If you discount magic lanterns, the Gretag Eidophor, epidiascopes and so on – and pass over the widely unloved overhead projector – the history of projection began around 30 years ago when Epson and Sharp launched their first data/video projectors in 1989. For a very long time: if you wanted to put a large, moving image on a screen, these new projectors were the only show in town.
But then flat panel displays happened. Not only did they happen: they took the world by storm with enormous improvements in image quality and no less enormous reductions in price on what seemed like a monthly basis. And: they were sexy.
In the face of such compelling competition, you might have expected projectors to be pretty much dead in the water. Not so.
“Overall the market has been pretty resilient given the number of technologies that have targeted this space, and the economic issues that are plaguing this market,” notes Rosemary Abowd, senior analyst at PMA Research.
But: the top level figures show projector unit sales down in the first half of 2019 by 6% year on year. In what way is that “resilient”? Abowd explains that the World Cup in 2018 caused a significant spike in projector sales, so it’s far from an apples-to-apples comparison.
Revenues are, however, only down by 0.3% year on year – essentially, flat. “Buyers are purchasing higher-lumen projectors to get laser phosphor illumination, for example, so revenues have been relatively steady,” she continues. “And: there were several segments of the market that showed strong growth, including the professional laser phosphor segment that nearly doubled in size in 1H2019 versus 1H2018.”
“Overall the market has been pretty resilient given the number of technologies that have targeted this space”
Rosemary Abowd, PMA Research
Projector manufacturers are, then, obviously not lying down and playing dead in the face of alternative display technologies. While there have been few significant breakthroughs since the advent of 4K/Ultra HD resolution and solid state illumination – although Digital Projection did launch its INSIGHT Laser 8K resolution projector – there are still plenty of opportunities for innovation.
“Right now, the industry is very focused on trying to make projectors smaller, lighter and more energy efficient, whilst maintaining a high level of brightness and resolution,” points out Colin Boyle, who is European projector specialist at Canon.
“Our focus has been on driving our brightness levels even higher – beyond 30,000 lumens,” adds Hans Dummer, director – visual instruments EMEAR at Epson Europe. “We’ve also seen an accelerated shift from lamp-based to laser-based light sources.”
It’s important to recall that, while solid state illumination – which includes laser-based, LED-based and hybrid laser/LED-based – is now firmly entrenched as an illumination source, it too is being developed: not all SSI projectors are the same.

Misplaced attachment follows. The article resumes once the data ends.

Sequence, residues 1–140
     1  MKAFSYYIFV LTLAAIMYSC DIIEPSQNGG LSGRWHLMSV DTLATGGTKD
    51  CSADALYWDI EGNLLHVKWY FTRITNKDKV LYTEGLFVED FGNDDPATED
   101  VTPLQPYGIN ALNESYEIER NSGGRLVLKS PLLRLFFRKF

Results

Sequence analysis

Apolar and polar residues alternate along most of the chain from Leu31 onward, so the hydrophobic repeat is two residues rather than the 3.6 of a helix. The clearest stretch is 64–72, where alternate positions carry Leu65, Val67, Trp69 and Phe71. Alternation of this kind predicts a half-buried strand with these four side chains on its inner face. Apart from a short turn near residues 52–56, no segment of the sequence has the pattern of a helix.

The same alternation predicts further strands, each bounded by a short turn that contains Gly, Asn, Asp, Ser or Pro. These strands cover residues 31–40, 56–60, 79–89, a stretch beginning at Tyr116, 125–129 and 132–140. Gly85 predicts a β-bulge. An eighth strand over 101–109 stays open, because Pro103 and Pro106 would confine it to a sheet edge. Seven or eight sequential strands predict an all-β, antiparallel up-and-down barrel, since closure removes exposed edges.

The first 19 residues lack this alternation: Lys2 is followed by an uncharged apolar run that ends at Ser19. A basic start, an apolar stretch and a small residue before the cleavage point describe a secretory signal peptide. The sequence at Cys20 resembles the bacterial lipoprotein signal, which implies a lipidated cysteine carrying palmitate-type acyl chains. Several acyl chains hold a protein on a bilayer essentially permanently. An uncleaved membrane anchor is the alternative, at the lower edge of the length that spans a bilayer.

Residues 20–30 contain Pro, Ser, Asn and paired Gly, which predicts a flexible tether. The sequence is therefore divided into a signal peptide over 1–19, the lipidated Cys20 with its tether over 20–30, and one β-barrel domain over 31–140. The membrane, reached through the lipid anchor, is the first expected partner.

“Over the past two years, the laser light source has become increasingly feasible thanks to the advancing performance of the laser diode’s capacity,” says Julia Lin, EMEA product marketing manager at Vivitek. “The light output per wattage efficiency of a laser diode is improving greatly.”
She also notes what she describes as “impressive progress” with single chip DLP in an Ultra HD/4K environment, providing a more cost-effective and much smaller solution than the traditional three-chip architecture.
It would be easy to write off lamp-based projectors as yesterday’s technology – but, according to Abowd, who notes the growing affordability of SSI-based projectors, that’s really not the case.
“There is still a large number of lamp projectors being sold, but those projectors may be sold with a replacement bulb included in the sale or with extended warranties that cover replacement bulbs to keep these projectors competitive against solid-state solutions,” she says, pointing out that price-sensitive markets like education continue to favour the lowest-cost option – especially with FPDs having a price tag around twice as high (although she points out that FPDs have enjoyed greater success in education in Europe than in other markets).
And, while projected image quality continues to be light years beyond what was imaginable not many years ago, it too is a moving target. “As brightness and resolution increase, image artefacts become more visible, increasing the need for advanced image processing that can cope with this,” believes Ignace Rombaut, vice president of projection at Barco. “And, last but not least, colour science has become much more important. With solid state illumination, there is an opportunity to improve colour saturation significantly – if you do it well.”
Brightness, size, image quality, improved cost of ownership – these are all trajectories that the projector industry has long been following. Others, however, are beating a slightly different path.